Schneider's numbers in his first season as a No. 1 goalie appear good enough to have the Devils heading to the postseason. But even a 2.16 goals-against average and a .929 save percentage aren't good enough to overcome New Jersey's 2.21 goals-for average.
There are five goalies with a save percentage of .927 or higher at this point in the season, and four are playing for teams in the postseason hunt: Carey Price (.938) of the Montreal Canadiens, Cam Talbot (.929) of the New York Rangers, Devan Dubnyk (.927) of the Minnesota Wild and Pekka Rinne (.927) of the Nashville Predators.
Schneider, meanwhile, is on the outside looking in. He'll likely start his 62nd game Monday when the Devils play the Los Angeles Kings at Prudential Center (7 p.m. ET; NHLN-US).
Schneider likely won't be a finalist for the Vezina Trophy as the NHL's top goalie because he's 26-26-7, but he certainly is having an outstanding season.
I want to be the best. I want to work hard and be among the best goalies in the League - Cory Schneider
His adjusted save percentage (.943), an advanced statistic from war-on-ice.com that weighs save percentage based on the quality of chances against, was third in the NHL entering Sunday among goalies who had played at least 25 games. Schneider's 325 high-danger saves (slot/low slot) led the League, and his 368 medium-danger saves (perimeter of slot/low slot) was second to the Boston Bruins' Tuukka Rask (392).
"I want to be the best. I want to work hard and be among the best goalies in the League, and that's my goal, but I'd much rather it be in a playoff chase," Schneider said. "If you don't make the playoffs, all that [Vezina Trophy] talk is nice, but it doesn't feel very good. I'd rather play worse and get our team in the playoffs, if that makes any sense."
Perhaps it bothers Schneider that in 10 career playoff appearances, all with the Vancouver Canucks, he is 1-4 with a 2.59 GAA and .929 save percentage. He completely understands that professional athletes are judged on playoff performance, not their regular-season statistics and accomplishments.
But it's hard to ignore something the 29-year-old might do in his second season with the Devils.
Schneider could play in at least 70 games and have a save percentage of .924 or higher, a feat achieved by two other goalies in NHL history. Dominik Hasek played 72 games and had a .932 save percentage with the Buffalo Sabres in 1997-98, and Roberto Luongo played 72 games and had a .931 save percentage for the Florida Panthers in 2003-04.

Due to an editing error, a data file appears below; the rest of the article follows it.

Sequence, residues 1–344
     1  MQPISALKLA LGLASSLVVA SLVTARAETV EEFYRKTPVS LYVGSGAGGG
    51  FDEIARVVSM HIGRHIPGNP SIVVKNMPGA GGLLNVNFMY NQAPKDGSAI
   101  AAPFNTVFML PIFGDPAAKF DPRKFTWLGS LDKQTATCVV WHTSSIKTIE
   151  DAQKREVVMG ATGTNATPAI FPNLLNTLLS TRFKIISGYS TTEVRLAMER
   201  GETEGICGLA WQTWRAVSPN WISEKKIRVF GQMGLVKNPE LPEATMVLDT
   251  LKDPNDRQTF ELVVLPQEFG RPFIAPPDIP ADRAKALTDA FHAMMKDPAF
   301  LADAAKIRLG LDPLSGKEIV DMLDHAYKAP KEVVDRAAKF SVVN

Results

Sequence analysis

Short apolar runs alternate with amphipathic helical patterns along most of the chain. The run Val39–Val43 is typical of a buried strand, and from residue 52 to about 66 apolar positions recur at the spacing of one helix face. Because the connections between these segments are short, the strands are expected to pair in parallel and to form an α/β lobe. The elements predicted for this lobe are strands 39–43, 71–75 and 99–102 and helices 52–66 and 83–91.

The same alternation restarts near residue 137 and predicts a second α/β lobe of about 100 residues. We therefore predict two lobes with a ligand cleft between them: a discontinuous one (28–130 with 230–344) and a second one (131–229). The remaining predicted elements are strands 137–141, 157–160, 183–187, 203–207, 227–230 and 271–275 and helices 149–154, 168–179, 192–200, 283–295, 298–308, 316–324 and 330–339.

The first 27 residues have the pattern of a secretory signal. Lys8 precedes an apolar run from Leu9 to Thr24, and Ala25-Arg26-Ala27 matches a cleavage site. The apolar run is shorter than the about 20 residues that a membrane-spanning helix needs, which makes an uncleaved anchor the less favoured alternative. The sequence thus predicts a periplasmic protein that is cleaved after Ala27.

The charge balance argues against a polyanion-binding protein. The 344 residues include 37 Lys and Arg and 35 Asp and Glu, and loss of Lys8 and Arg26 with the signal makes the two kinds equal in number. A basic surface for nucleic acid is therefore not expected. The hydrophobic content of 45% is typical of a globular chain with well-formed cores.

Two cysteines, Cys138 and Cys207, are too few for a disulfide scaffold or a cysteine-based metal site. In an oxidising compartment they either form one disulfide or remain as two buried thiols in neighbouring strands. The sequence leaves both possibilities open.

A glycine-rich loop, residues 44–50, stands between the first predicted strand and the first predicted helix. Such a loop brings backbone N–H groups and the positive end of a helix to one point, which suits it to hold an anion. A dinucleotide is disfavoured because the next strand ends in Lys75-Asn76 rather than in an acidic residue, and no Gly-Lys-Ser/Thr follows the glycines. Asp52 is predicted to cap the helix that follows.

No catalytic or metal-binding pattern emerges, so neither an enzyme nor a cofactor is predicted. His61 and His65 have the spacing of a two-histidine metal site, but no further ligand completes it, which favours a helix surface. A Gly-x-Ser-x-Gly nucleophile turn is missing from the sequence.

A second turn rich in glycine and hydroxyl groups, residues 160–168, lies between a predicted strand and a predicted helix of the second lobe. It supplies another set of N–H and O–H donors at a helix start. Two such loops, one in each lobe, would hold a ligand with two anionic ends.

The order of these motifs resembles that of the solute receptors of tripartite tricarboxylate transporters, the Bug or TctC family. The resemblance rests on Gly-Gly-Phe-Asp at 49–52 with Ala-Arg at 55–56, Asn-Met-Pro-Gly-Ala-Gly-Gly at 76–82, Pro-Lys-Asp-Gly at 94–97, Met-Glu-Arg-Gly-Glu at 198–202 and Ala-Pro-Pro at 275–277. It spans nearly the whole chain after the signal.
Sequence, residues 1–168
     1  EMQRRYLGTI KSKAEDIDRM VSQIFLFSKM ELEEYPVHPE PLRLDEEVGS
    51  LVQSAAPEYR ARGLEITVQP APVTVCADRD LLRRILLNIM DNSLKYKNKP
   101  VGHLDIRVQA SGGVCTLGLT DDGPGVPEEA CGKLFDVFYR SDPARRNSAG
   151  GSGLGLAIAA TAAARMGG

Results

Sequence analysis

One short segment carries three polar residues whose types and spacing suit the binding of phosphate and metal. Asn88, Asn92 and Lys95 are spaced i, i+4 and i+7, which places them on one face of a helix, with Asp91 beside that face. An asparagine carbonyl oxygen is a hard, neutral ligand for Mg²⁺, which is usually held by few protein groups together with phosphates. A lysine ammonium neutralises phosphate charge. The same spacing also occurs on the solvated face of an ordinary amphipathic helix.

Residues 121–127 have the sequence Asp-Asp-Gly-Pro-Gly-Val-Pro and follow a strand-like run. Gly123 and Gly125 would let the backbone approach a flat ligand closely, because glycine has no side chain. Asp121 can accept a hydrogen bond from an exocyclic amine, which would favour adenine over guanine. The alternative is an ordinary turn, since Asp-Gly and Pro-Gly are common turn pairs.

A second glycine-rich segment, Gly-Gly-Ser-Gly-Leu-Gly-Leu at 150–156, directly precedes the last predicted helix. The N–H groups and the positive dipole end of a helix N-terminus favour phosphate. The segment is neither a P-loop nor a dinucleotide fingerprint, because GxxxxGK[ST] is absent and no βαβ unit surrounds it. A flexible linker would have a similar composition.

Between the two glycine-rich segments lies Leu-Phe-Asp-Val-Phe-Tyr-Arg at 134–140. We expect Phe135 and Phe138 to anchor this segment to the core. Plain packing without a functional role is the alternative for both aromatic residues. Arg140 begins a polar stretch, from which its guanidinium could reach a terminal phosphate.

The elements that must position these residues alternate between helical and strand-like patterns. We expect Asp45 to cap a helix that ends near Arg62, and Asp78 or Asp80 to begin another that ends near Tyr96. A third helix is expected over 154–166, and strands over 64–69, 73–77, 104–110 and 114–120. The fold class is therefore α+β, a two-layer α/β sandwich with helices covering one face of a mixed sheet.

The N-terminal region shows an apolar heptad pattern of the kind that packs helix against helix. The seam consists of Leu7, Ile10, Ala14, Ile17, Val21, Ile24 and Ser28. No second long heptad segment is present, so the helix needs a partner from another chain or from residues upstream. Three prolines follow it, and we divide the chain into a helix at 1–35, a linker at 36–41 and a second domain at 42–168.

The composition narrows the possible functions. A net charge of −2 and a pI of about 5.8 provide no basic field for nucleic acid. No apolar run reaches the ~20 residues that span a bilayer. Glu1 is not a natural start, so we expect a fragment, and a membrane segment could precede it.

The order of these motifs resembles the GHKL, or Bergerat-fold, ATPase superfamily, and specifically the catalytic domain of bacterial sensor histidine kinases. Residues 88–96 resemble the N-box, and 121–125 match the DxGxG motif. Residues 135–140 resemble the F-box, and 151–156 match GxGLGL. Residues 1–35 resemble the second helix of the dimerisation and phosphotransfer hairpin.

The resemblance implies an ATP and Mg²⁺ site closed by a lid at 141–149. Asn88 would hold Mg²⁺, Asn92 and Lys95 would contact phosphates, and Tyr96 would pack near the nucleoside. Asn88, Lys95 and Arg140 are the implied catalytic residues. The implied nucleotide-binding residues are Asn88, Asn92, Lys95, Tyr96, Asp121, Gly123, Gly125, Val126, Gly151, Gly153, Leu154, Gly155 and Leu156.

Martin Brodeur played at least 70 games 12 times in his two decades with the Devils, but the one time he finished with a save percentage of .924 or higher, in 1996-97 (.927), he played in 67 games.
"If I get [70-plus games and minimum .924 save percentage] it's cool, but I think in general goaltending is trending upward," Schneider said. "You look around the League now, there's more guys over .920, I think, than there's been in a long time. There's six or seven guys who are up for being best goalie of the year; maybe it's a sign of the times or the trend. More so than me individually."
Ask any player or coach in the Devils locker room, and he will unequivocally name Schneider as New Jersey's most valuable player.
"If he's not considered top three in the League, there's something wrong," forward Scott Gomez said. "When you have a goalie like that, we take it for granted how good he really is. You know he's going to take you to the end; he's done it all year."
"He's kept us in a lot of games and won us a lot of games," center Travis Zajac said. "The work ethic he puts in and the competitiveness he has in practice reminds me of Marty [Brodeur] back there. He has that same mentality."
Schneider was 9-8-2 with a 2.58 GAA and .914 save percentage in his record-breaking 20 straight starts to begin the season; he was pulled four times over that stretch. Since interim co-coaches Lou Lamoriello, Adam Oates and Scott Stevens replaced Peter DeBoer behind the Devils bench on Dec. 27, Schneider is 15-10-3 with a 1.26 GAA and .944 save percentage.
Schneider doesn't believe there's a correlation between his improved play and the coaching change.
"I felt pretty good even before [the coaching change]," Schneider said. "In early November there was a game against the Boston Bruins that didn't go very well. I think ever since then I've been playing more like I felt I can, and since the New Year it's been even better."
The game Schneider was referring to was a 4-2 loss against the Bruins on Nov. 10 when he made 19 saves.
"Early in the year it was tough; it was a lot of hockey and there are points in the year where you may not feel your best," Schneider said. "I just had to learn that regardless of how I felt, I had to go out there every single night and play. You've got to fight through some nights because some nights you feel great and the game seems easy, and there are nights you don't feel very good and the game seems real difficult."
Schneider, who was signed to a seven-year contract worth a reported $42 million in July, has established career highs in wins, games played (62), shots faced (1,797) and saves (1,669), and has equaled the personal-best five shutouts he had with the Canucks in 2012-13.
Has the workload taken its toll on the native of Marblehead, Mass.?
"I feel like I'm in pretty good shape, physically," Schneider said. "I've taken pride in the fact that I've -- knock on wood -- been able to dress for every game whether it's backing up or playing, and that kind of consistency is what I need going forward so my teammates, my coaches, they can count on me. They can't go, 'Well is he going to get hurt again this week or next week?' It's often not your fault, but I think just to have that durability is a big thing."
Follow Mike Morreale on Twitter at: @mikemorrealeNHL